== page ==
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Rangers, volunteers confront bear activity in Mesa Verde

Volunteer education campaign to begin in park
A bear spotted in Morefield Campground in Mesa Verde in 2013.

Like much of Montezuma County, Mesa Verde National Park has seen more than its share of encounters between bears and humans this summer, and its staff is recruiting volunteers to help.

According to a news release Friday from Mesa Verde public information officer Cristy Brown, several members of the park’s black bear population have been spotted rooting through dumpsters and unattended food near campsites and picnic tables. Like other recent bear sightings throughout the region, these are likely caused by a shortage of natural food sources due to a late frost, according to the release. To prevent conflicts between bears and humans, the park plans to start a volunteer bear safety education program in conjunction with the nonprofit Bear Smart Durango and other wildlife management agencies.

Brown said the program is new for the park this year.

“We want to make sure we’re working with local groups so that we’re all on the same page in how we respond, and in the information and education we put out to the public,” she said.

Park officials and members of Bear Smart plan to begin “volunteer outreach patrols” at Morefield Campground soon to educate campers on how to dispose of trash and store food so bears won’t go after it. Brown said the staff will also consult other national parks with large ursine populations, such as Yellowstone, to learn from their bear management practices.

Bear Smart sent out a newsletter on Thursday asking for more volunteers to help with the educational program in Mesa Verde. Those who sign up will be asked to talk to campers about bear safety during daily check-in and check-out times at Morefield Campground, and monitor camp sites during the day for unsecured food and trash. The newsletter promised volunteers would be “handsomely rewarded” for their efforts, with prizes including free entrance to the park, free camping, special tour vouchers and ride-alongs with biologists.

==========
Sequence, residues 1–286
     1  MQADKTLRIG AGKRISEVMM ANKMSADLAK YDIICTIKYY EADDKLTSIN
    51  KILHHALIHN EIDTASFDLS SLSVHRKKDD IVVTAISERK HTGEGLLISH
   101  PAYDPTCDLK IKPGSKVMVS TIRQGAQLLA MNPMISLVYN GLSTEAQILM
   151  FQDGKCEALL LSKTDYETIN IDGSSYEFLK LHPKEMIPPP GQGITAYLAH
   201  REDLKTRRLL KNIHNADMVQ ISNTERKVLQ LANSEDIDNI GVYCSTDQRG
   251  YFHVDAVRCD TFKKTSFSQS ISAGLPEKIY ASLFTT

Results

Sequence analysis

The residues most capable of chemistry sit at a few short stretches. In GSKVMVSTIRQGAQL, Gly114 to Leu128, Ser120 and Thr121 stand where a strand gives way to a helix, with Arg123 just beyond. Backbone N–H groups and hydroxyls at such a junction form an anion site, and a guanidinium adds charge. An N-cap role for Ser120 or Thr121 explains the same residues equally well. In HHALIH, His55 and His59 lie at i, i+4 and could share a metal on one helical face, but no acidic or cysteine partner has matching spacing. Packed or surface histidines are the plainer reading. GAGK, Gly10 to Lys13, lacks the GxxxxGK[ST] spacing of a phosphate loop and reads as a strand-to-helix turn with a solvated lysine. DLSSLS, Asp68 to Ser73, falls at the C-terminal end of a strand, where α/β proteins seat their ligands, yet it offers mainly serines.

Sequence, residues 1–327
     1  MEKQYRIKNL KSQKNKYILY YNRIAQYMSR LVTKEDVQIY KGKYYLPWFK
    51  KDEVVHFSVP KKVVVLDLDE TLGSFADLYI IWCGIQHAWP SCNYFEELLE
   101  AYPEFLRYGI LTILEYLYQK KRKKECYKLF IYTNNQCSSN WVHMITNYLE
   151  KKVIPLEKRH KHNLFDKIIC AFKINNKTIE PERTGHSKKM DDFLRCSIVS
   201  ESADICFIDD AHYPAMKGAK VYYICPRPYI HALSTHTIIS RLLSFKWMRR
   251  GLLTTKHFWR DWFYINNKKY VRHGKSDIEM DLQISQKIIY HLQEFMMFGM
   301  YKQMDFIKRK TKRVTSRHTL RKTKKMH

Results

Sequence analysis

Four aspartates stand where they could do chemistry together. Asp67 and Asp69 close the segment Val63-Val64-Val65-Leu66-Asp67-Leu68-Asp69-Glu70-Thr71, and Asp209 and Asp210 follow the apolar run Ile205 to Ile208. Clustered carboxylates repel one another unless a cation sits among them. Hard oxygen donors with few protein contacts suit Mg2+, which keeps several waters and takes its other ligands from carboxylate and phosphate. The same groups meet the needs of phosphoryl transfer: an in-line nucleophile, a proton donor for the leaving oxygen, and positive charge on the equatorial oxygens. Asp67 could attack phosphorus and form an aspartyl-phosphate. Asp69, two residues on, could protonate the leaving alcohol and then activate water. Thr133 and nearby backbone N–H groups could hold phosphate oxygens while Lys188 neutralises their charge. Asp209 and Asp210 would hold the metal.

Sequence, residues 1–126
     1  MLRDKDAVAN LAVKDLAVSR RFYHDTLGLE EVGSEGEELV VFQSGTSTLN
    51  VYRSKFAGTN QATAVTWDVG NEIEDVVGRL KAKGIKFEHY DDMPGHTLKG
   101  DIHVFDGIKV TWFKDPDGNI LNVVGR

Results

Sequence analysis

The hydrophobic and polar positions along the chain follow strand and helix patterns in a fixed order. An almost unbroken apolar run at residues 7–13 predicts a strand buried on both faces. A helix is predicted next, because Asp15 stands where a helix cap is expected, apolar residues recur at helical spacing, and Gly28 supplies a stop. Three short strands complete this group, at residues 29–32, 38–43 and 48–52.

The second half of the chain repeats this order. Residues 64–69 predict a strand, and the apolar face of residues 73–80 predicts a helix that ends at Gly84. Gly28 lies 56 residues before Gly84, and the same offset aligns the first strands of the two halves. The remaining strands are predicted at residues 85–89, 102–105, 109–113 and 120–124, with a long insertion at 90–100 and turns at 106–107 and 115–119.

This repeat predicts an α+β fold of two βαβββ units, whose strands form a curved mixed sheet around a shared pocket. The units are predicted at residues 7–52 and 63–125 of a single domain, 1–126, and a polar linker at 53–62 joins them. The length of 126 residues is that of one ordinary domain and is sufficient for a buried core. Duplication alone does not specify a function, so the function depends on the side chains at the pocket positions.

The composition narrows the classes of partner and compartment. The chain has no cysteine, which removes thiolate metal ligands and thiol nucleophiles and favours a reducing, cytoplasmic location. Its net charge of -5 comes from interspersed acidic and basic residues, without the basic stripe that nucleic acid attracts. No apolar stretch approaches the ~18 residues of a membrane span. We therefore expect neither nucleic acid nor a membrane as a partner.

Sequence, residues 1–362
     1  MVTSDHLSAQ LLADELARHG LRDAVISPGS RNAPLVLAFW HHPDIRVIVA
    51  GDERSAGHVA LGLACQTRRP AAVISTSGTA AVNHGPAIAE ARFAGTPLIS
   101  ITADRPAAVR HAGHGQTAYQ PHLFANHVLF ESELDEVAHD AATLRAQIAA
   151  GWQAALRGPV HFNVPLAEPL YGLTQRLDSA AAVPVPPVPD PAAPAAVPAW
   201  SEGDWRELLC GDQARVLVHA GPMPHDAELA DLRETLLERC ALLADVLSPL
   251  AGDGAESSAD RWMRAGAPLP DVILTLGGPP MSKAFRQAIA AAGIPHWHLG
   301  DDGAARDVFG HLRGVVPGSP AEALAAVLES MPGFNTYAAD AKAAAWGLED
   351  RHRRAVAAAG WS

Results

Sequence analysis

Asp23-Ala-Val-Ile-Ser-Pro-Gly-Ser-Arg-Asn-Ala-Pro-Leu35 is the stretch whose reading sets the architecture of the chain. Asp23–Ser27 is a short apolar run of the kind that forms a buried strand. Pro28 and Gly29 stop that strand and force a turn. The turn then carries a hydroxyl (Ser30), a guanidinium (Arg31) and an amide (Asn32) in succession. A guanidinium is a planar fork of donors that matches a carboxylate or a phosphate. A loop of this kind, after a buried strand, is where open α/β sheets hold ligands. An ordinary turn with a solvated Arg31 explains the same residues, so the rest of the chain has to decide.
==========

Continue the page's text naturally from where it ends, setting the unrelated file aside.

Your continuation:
The nonprofit has organized bear safety education campaigns in the Durango area for about 14 years. La Plata County has also seen an unusually high number of bear-human conflicts this summer, including incidents where bears have broken into houses and cars, resulting in some of the animals being killed.

Although there have been no reports of injuries resulting from bear activity in the park, Brown wrote in the news release that too much contact between bears and humans can be bad for both species. She warned park visitors to keep their distance from bears.

“While it is a great experience to see a bear or other wildlife in the park, please do not stop your vehicle to take pictures of them,” she wrote. “If you spot a bear in the park, please alert the nearest ranger.”

National Park Service law enforcement and members of Mesa Verde’s wildlife management staff conduct regular patrols of Mesa Verde’s inhabited areas, especially Morefield Campground, to make sure campers aren’t leaving food or trash where bears can find it. They have also been hazing any bears they encounter in the hope of making them wary of humans again, the release said.

In addition to Bear Smart Durango, people interested in helping with the volunteer program can also sign up directly with the Mesa Verde park staff. Brown said no park or wildlife experience is required for volunteers.

“We’re just looking for people who want to ... educate people on how to keep wildlife wild,” she said.

How to help

To learn more about Mesa Verde’s bear safety education volunteer program or to sign up, contact:

Mesa Verde National Park biologist Paul Morey at paul_morey@nps.gov

Bear Smart Durango’s education director, Karen Hickerson, at 970-769-4215 or bear.smart.karen@gmail.com.

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